The Canadian dollar was little changed against the greenback on Tuesday, holding near its strongest level in nearly three years as investors weighed prospects of higher inflation and the Bank of Canada said the rollout of vaccines would boost the economy.
The Canadian dollar was trading nearly unchanged at 1.2606 to the greenback, or 79.33 U.S. cents, having traded in a range of 1.2585 to 1.2647. On Monday, the loonie touched its strongest intraday level since April last year at 1.2576.
The U.S. dollar reversed early gains after a dovish speech from U.S. Federal Reserve chief Jerome Powell failed to quell inflation fears.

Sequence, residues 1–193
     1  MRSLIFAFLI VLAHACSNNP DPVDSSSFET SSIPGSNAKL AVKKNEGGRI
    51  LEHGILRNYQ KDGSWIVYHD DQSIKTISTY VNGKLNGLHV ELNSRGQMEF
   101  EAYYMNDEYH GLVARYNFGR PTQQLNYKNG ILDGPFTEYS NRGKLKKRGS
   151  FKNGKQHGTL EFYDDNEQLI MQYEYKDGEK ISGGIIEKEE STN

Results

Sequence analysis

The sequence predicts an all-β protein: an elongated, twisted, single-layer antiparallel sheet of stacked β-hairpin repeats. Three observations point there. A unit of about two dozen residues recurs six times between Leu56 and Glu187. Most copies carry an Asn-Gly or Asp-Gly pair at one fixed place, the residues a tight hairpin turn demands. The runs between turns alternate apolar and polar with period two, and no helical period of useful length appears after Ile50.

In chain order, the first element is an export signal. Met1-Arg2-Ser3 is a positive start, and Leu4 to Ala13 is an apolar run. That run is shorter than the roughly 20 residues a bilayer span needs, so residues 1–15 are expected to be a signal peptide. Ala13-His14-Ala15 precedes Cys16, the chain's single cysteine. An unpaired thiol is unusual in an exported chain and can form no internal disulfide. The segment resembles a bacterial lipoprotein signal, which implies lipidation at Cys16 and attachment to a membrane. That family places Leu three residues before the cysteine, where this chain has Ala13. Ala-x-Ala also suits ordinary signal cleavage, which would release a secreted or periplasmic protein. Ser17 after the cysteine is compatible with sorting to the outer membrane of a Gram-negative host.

“An inflationary surprise would be wildly bullish for the Canadian dollar given the abundant resources in Canada,” said Adam Button, chief currency analyst at ForexLive.
The price of oil, one of Canada’s major exports, was trading close to its highest in more than one year on signs that global coronavirus restrictions were being eased. U.S. crude rose 0.1 per cent to $61.75 a barrel.
Canada’s economy will have a solid rebound in coming months as COVID-19 restrictions are loosened, and an expected ramp-up in vaccination is boosting confidence in sustained strong growth into 2022, Bank of Canada Governor Tiff Macklem told an Alberta business audience.
Still, Button said, there were no indications in the speech that Macklem intends “to tap the stimulus brakes any time soon.”
Canadian government bond yields were higher across a steeper curve. The 10-year touched its highest since February last year at 1.278 per cent before dipping to 1.262 per cent, up 3.1 basis points on the day.
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